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Uniform Securities Act Gives Federal Courts Jurisdiction Over Suits Against Brokers
Description Federal trial court held that it had exclusive jurisdiction in a suit brought by an investor against a broker for alleged misrepresentations in the trading of securities. The court held that the Uniform Securities Act preempts state law on matters regarding the purchase and sale of securities.
Topic Securities Law
Key Words Uniform Securities Act; Federal Jurisdiction
C A S E   S U M M A R Y
Facts Abada brought a class action suit against a stockbroker in state court, contending unfair trade practices under California law, unjust enrichment, negligent misrepresentation, and fraud in connection with the purchase and sale of securities. The broker moved to remove the suit to federal court under the Securities Litigation Uniform Standards Act of 1998 (the Uniform Standards Act).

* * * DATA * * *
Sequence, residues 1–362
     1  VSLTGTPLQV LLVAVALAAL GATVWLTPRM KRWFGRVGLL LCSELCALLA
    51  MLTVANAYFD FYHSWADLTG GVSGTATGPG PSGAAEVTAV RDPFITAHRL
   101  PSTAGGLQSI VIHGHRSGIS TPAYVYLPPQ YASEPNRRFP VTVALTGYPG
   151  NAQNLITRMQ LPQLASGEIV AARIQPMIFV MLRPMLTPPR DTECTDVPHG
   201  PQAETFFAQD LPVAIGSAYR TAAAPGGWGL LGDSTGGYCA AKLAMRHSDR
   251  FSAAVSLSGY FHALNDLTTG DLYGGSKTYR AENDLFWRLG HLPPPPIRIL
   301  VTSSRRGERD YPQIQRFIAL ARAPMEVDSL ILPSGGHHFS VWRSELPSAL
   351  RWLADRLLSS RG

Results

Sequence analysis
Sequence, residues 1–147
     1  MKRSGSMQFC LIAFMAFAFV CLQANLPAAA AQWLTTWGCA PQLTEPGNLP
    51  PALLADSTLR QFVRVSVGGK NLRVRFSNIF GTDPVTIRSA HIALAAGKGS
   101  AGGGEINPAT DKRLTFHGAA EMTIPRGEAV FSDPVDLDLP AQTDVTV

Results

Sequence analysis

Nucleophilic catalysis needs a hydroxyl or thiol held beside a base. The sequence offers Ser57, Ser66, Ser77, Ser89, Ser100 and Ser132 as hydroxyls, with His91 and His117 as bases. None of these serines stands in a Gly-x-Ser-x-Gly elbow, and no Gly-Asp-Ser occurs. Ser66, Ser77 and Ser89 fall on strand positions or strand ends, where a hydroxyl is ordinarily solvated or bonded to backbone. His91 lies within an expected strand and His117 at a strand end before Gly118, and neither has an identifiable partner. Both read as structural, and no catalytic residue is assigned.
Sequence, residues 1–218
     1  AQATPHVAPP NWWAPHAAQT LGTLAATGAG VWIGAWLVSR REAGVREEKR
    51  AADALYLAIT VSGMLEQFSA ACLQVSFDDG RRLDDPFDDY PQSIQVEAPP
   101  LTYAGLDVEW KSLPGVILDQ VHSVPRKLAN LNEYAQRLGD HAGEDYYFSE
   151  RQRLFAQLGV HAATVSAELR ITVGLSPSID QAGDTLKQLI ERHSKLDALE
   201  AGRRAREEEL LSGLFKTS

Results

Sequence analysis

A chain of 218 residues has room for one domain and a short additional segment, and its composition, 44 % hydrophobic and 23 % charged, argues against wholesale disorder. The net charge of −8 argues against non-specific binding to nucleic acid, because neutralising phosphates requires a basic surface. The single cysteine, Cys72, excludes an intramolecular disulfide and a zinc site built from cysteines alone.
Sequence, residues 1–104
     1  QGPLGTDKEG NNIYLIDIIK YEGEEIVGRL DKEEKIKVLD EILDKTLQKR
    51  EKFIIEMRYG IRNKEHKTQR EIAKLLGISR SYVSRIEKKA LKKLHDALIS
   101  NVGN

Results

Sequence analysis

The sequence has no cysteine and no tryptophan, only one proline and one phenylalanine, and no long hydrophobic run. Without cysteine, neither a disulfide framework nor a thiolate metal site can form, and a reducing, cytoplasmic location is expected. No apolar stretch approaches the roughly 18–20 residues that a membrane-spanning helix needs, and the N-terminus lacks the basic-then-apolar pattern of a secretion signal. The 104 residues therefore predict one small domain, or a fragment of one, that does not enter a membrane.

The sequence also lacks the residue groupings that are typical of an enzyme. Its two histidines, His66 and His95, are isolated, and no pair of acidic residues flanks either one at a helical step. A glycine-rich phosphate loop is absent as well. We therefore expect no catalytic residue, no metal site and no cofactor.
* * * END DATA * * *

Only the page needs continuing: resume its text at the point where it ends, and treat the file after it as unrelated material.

Decision The suit moves to federal court. Terms affecting the arrangement between a broker and its customers are directly related to the practices complained of in this suit, which is within the meaning of the Uniform Securities Act. The Act preempts state law on misrepresentation in connection with the purchase or sale of a security. Even though the complaint was not with respect to any specific security, the Act is broad in its coverage and affects relationships between brokers and customers.
Citation Abada v. Charles Schwab & Co., Inc., 68 F.Supp.2d 1160 (S.D. Calif., 1999)

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